Fran O'Sullivan: PM's turn to be gung-ho on China

Key's bilateral talks with Chinese premier Li Keqiang have a serious agenda

Prime Minister John Key cooks up a storm in Beijing with Gung Ho! Pizza's Jade Gray.
Prime Minister John Key cooks up a storm in Beijing with Gung Ho! Pizza's Jade Gray.

China's richest man, Zong Qinghou, is among a select group of Chinese VIPs invited to a private meeting with Prime Minister John Key in Shanghai.

Zong is chairman of major food and beverage conglomerate Wahaha Group which has been scouting Australasia for major agriculture deals. His company has long been a customer of NZ dairy giant Fonterra.

Others understood to be on tomorrow's guest list are Pengxin's Jiang Zhaobai, Bright Dairy's Guo Benhong, China Development Bank's Guo Lian and New Development Group's Ding Furu.

Most of these powerful businessmen are already invested in New Zealand or have sufficiently deep pockets and connections to back the co-ventures between China and New Zealand that Key is pushing in third markets.

In preparation for yesterday's Boao forum, Key had staked out the valuable proposition of putting Chinese capital together with New Zealand specialist knowhow to invest in agricultural ventures in countries with large land masses to produce top-quality food to supply Chinese consumers.

By today, he will have already re-established his relationship within Chinese president Xi Jinping.

Friday's inaugural partnership forum between New Zealand and China at the Diaoyutai State Guesthouse will cement bonds with new ministerial players.

But the real managerial power sits at the premier level.

His formal bilateral talks with Chinese Premier Li Keqiang have a serious agenda. "We will see where we can push the free trade agreement - there are aspects where we could do more." Key says.

One of those issues is the "safeguard' provisions in the China-New Zealand free trade deal.

Earlier this year, China Customs announced that China would impose an MFN (most-favoured nation) tariff on solid and concentrated non-solid milk and cream from NZ starting from January 31.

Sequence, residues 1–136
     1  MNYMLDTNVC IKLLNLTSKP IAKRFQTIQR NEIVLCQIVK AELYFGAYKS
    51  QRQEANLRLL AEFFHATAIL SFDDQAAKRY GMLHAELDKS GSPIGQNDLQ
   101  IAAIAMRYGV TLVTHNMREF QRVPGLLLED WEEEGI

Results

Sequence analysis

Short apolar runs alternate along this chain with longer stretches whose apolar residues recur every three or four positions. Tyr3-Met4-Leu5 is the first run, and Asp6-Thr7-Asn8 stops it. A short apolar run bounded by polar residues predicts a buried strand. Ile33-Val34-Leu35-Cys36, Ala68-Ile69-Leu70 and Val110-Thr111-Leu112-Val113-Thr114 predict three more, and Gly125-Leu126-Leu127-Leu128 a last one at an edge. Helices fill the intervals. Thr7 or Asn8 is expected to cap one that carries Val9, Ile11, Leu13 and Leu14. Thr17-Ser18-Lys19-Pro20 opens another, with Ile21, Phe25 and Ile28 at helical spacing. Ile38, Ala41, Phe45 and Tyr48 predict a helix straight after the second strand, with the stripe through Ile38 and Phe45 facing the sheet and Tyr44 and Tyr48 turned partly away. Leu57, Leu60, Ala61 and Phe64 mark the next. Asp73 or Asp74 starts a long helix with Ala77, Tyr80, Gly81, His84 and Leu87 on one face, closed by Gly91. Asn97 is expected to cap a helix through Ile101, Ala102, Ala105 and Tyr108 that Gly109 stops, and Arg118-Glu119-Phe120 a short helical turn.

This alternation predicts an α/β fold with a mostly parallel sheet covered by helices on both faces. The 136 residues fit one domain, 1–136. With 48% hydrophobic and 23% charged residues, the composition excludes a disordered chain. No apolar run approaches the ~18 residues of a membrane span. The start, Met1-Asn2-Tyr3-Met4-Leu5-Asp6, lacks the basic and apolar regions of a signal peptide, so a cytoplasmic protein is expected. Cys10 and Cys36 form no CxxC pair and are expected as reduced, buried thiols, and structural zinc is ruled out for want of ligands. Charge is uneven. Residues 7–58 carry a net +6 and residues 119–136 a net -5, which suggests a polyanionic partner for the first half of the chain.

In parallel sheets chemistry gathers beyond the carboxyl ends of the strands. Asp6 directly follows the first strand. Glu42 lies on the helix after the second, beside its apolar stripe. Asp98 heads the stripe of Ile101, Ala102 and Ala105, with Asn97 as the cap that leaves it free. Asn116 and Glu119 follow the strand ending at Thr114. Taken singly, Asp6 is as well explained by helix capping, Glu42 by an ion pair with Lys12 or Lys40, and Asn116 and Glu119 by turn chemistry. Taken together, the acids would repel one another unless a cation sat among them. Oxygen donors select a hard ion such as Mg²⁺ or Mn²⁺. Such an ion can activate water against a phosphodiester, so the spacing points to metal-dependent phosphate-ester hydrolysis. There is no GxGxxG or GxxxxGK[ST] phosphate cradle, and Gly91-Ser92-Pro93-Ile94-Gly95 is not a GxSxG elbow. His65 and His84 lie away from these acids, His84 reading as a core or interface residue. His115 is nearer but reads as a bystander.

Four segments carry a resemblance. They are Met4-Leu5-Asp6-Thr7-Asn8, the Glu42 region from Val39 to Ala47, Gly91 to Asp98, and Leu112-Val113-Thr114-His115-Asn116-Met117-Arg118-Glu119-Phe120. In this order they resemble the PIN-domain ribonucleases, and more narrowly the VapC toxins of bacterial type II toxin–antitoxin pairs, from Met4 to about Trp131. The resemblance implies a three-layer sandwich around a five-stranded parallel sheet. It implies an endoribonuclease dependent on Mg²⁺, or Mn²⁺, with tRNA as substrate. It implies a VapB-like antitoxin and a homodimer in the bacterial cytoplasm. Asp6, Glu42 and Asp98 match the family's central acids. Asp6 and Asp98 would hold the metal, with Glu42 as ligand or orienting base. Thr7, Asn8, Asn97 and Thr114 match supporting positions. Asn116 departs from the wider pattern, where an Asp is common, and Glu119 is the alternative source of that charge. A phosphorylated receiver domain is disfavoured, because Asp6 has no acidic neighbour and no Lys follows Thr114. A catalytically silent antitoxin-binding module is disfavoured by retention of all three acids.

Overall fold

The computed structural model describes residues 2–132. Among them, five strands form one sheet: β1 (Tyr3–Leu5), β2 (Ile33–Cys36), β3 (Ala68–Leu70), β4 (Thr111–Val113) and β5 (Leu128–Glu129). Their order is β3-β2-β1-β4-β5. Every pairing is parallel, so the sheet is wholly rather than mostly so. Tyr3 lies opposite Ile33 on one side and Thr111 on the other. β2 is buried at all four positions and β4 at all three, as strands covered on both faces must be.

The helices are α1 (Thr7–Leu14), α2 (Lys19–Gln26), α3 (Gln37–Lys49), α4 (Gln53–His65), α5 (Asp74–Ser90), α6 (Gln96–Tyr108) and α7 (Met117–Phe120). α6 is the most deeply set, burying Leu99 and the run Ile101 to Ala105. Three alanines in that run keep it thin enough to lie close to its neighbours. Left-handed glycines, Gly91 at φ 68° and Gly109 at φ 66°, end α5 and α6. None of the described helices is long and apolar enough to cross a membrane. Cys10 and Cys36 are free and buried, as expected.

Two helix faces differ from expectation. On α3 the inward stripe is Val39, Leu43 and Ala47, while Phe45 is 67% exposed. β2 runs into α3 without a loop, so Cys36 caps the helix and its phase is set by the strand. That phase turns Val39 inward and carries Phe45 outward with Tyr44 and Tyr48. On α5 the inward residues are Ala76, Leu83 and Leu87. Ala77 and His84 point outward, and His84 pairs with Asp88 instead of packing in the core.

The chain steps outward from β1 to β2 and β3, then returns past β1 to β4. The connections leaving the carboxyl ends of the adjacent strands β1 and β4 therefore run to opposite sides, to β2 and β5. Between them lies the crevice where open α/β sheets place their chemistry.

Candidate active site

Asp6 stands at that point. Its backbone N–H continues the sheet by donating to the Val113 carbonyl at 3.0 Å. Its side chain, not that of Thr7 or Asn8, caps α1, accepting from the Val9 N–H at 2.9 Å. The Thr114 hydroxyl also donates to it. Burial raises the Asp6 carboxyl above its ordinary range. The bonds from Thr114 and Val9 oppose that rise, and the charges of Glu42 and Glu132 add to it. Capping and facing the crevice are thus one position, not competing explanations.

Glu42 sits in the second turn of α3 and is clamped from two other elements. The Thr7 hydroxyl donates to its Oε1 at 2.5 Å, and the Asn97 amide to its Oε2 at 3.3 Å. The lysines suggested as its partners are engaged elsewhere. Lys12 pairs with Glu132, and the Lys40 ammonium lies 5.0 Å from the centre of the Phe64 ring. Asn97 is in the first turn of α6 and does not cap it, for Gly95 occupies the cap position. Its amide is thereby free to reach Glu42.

The issue will be raised in Key's formal talks.

Food security is a perennial issue. Key believes that if the Chinese officials have confidence that New Zealand's food security standards are high, "the more we can deflect a DCD problem when it comes along".

He is also expected to welcome the avalanche of new Chinese investment in the dairy industry. "I am going to say to them we're seeing more investment applications in areas like infant milk formula processing plants. They are welcome. They have to go through a process but in the end the Government thinks that is a step in the right direction.

"Massive blocks of land are probably more problematic from my point of view."

On the investment front, he cites the co-investment between China and New Zealand to build a water reticulation plant in the Cook Islands.

Much of the upside will come from leveraging natural resources in New Zealand.

Key also wants to explore what it would take for New Zealand to get Chinese tourist numbers from 200,000 to 2 milllion.

He supports Maori Inc's endeavours to get Chinese capital to invest in resource developments.

The reconstruction of Christchurch is also expected to be on the agenda. China Construction Bank - which is setting up in New Zealand - has already indicted to the Government that it "wants to put money in".

"The issue has been putting it to work - there might be more of a possibility on the PPP side."

"We're moving down that road - that has got to be the most obvious place. There are large assets they have to be built and have to be funded."

Key says the Government is on track to reach the goal he set with former premier Wen Jiabao to increase bilateral trade with China to $20 billion by 2015.

"The question is whether China can become New Zealand's largest market. The answer is: yes I think they can."

- NZ Herald

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Head of Business for NZME

Fran O'Sullivan has written a weekly column for the Business Herald since its inception in April 1997. In her early journalistic career she was a political journalist in Wellington and subsequently an investigative journalist who broke many major business stories including the first articles that led to the Winebox Inquiry in both NBR and the Sydney Morning Herald. She has specific expertise in relation to China where she has been a frequent visitor since the late 1990s. She is a former Editor of the National Business Review; has twice been awarded Qantas Journalist of the Year and is a multiple winner of the Westpac Financial Journalism Supreme Award.

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